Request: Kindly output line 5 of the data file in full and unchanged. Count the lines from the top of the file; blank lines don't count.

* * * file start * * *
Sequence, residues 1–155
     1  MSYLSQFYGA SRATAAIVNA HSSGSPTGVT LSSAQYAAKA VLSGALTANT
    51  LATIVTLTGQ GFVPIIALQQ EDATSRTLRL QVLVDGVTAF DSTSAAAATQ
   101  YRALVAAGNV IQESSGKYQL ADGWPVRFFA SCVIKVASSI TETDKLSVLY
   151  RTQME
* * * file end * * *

   151  RTQME